Kannapolis breaks ground for municipal center and police headquarters
comments
Saturday, Nov. 02, 2013

Kannapolis breaks ground for municipal center and police headquarters

  • http://media.charlotteobserver.com/smedia/2013/10/31/10/52/fHtXx.Em.138.jpeg|473
    MARTY PRICE - MARTY PRICE
    Kannapolis Mayor Robert Misenheimer speaks to the crowd during the City Council’s groundbreaking ceremony for the new 100,000-square-foot municipal center and police headquarters building on the North Carolina Research Campus.
  • http://media.charlotteobserver.com/smedia/2013/10/31/10/52/hxu2T.Em.138.jpeg|210
    MARTY PRICE - MARTY PRICE
    Kannapolis Mayor Robert Misenheimer, left, starts dropping dirt with Kannapolis city officials, including Police Chief James W. “Woody” Chavis, third from right, during the City Council’s groundbreaking ceremony for the new 100,000-square-foot municipal center and police headquarters building on the North Carolina Research Campus.
  • http://media.charlotteobserver.com/smedia/2013/10/31/10/52/9QUFI.Em.138.jpeg|210
    MARTY PRICE - MARTY PRICE
    Architect David Creech, left, managing principal with Creech and Associates, shakes hands with Kannapolis Police Chief James W. “Woody” Chavis before the Kannapolis City Council broke ground on its new municipal center and police headquarters.

The Kannapolis City Council broke ground Oct. 29 on a 100,000-square-foot municipal center and police headquarters.

The building will be at 401 Laureate Way on 6.6 acres donated by North Carolina Research Campus founder David Murdock.

The site faces the David H. Murdock Core Laboratory Building on the campus.

The municipal building will house administrative offices for all city departments, police headquarters, City Council chambers and a centralized customer service center.

Included in the design is unfinished space for short-term economic development activities and long-term future expansion of the city’s administrative services.

The design also includes 5,500 square feet of public meeting and conference space, both incorporated into the facility to stimulate economic growth in downtown Kannapolis.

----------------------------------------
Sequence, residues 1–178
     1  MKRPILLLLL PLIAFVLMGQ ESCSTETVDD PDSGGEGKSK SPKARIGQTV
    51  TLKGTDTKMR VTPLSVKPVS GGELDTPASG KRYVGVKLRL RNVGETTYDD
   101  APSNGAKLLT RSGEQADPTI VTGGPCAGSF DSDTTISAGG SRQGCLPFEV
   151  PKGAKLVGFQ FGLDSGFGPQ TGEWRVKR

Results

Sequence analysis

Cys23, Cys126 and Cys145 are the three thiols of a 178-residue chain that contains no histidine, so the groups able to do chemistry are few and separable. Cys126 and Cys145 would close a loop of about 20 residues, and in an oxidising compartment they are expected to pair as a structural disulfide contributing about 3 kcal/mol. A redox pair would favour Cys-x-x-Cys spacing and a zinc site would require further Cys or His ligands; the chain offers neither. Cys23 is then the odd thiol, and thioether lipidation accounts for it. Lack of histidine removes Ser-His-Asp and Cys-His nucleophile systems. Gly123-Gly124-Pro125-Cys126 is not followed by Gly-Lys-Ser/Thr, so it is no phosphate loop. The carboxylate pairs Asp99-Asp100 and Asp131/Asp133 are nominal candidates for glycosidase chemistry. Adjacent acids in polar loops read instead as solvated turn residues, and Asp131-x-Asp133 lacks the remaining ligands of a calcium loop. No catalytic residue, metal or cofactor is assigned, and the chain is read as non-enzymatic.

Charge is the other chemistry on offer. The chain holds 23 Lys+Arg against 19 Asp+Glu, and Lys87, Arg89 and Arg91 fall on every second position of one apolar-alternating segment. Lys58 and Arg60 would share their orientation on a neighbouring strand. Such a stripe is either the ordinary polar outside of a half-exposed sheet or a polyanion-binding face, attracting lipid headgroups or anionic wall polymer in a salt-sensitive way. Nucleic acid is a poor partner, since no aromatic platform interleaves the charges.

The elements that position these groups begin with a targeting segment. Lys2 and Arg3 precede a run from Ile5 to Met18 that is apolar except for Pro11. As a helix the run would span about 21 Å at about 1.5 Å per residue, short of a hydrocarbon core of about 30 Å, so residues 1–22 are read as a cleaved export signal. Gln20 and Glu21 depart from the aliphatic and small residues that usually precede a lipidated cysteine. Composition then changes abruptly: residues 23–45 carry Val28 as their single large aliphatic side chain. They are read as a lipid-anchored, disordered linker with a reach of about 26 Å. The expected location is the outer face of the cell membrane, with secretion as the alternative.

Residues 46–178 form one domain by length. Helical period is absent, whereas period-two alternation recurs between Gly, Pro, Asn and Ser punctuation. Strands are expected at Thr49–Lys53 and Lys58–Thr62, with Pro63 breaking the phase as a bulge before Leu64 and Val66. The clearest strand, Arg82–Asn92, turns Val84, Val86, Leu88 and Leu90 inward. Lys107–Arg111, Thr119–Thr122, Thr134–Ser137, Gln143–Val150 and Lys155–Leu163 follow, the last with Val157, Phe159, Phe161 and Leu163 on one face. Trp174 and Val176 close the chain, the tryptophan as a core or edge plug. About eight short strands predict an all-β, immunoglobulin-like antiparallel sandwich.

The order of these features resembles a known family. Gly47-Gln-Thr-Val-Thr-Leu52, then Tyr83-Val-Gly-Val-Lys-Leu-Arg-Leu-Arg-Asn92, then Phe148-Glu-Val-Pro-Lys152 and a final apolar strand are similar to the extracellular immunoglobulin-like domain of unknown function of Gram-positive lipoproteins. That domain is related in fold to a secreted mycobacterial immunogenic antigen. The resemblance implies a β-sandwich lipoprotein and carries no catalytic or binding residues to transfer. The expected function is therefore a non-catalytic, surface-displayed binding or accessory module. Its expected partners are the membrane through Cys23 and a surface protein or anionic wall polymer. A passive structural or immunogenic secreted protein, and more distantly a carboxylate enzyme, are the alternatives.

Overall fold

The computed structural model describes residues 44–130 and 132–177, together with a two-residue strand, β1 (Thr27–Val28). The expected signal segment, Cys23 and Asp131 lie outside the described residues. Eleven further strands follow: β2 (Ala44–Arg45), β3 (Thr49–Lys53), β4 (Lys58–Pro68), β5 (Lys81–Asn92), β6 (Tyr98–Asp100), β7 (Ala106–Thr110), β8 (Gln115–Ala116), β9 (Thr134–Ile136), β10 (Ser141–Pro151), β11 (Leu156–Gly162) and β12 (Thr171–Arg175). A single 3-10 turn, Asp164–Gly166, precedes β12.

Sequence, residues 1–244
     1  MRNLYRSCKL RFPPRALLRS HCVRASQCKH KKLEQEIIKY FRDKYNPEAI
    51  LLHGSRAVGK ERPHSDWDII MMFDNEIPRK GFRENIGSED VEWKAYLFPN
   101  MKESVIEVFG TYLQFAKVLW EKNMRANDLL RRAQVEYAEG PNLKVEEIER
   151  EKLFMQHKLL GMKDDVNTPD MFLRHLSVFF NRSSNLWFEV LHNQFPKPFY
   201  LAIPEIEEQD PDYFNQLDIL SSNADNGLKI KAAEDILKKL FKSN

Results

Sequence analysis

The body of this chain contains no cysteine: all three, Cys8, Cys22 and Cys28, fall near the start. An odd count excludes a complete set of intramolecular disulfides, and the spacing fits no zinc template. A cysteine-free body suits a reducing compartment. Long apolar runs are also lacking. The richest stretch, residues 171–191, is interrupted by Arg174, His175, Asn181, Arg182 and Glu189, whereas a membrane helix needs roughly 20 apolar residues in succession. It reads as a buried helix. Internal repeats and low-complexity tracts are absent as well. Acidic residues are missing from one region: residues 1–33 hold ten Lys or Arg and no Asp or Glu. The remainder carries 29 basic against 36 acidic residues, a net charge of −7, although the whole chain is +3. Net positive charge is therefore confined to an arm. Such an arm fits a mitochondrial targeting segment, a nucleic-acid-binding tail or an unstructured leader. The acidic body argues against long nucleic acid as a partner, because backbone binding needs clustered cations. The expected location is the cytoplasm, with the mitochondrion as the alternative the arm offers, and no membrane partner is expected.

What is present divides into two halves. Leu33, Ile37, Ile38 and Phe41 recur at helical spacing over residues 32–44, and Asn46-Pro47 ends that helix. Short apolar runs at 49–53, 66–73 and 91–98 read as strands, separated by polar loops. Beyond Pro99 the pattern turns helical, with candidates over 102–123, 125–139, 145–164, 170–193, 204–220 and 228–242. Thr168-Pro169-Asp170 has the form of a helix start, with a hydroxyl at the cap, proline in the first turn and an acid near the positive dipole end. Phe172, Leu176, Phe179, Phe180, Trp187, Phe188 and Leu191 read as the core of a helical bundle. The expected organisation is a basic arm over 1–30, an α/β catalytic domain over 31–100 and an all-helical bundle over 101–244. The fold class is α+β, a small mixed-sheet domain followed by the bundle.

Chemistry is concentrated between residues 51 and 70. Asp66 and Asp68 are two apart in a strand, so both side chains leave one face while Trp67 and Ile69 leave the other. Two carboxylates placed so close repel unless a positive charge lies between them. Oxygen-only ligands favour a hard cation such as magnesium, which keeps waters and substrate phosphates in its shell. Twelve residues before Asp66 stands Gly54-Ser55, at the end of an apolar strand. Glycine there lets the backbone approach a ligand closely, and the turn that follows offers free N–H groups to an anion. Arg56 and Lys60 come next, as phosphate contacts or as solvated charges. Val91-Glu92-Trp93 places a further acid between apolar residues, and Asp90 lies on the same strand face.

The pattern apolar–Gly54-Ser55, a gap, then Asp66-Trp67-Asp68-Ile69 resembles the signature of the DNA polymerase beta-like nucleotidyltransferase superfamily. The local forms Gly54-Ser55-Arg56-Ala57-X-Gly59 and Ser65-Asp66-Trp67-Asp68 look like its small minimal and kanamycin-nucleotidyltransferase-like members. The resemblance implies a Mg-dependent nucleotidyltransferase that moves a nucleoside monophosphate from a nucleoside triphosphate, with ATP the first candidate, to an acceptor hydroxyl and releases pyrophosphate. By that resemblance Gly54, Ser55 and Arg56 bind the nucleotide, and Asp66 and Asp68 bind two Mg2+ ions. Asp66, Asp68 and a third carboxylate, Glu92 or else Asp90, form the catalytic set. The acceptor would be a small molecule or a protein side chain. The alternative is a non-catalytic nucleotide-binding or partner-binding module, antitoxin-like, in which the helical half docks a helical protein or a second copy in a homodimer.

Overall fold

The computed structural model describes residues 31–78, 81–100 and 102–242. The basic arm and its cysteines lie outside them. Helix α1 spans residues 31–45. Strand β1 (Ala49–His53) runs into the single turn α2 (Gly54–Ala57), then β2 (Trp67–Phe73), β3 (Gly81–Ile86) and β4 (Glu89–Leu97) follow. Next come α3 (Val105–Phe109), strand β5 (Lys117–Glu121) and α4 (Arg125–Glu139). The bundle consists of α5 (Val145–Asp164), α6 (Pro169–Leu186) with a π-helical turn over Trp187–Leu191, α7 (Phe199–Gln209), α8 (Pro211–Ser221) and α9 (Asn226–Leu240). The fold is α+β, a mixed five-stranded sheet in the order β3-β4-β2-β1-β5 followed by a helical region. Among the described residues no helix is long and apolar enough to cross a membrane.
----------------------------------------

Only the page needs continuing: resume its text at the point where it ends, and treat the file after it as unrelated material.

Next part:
The project is anticipated to be completed in September 2015.

In an email, City Manager Mike Legg said the projected cost for the new building is $28.1 million. Of that, $20.9 million will be for actual construction. About $2.4 million will pay for design, permits and construction administration.

The rest, $4.7 million, is set aside for construction contingencies, furniture, fixtures, equipment, audio-visual and technology enhancements as well as offsite improvements.

The building will replace 25,000 square feet that the city leases in six buildings to house police operations and city administration. The $230,000 in annual lease payments alone adds up to $3 million of borrowing capacity, Legg wrote.

About $5.5 million in Tax Increment Financing bonds will be used to construct the facility. The bonds are being repaid by taxes from the North Carolina Research Campus and other downtown investments. That money will be used primarily for the construction of the meeting space.

In tax increment financing, tax revenue exclusively from new development in a specified zone is used to pay back the bonds.

Legg also wrote that the rest of the cost will be paid by the proceeds of limited obligation bonds to be sold early next year.

The project team includes architects Creech & Associates and Rodgers Builders Inc. as construction manager at risk.

For project details, visit the city’s website or call the Kannapolis city offices at 704-920-4300. Freelance writer Marty Price contributed to this story.

Marusak: 704-987-3670; Twitter: @jmarusak

The Charlotte Observer welcomes your comments on news of the day. The more voices engaged in conversation, the better for us all, but do keep it civil. Please refrain from profanity, obscenity, spam, name-calling or attacking others for their views.

Have a news tip? You can send it to a local news editor; email local@charlotteobserver.com to send us your tip - or - consider joining the Public Insight Network and become a source for The Charlotte Observer.

  Read more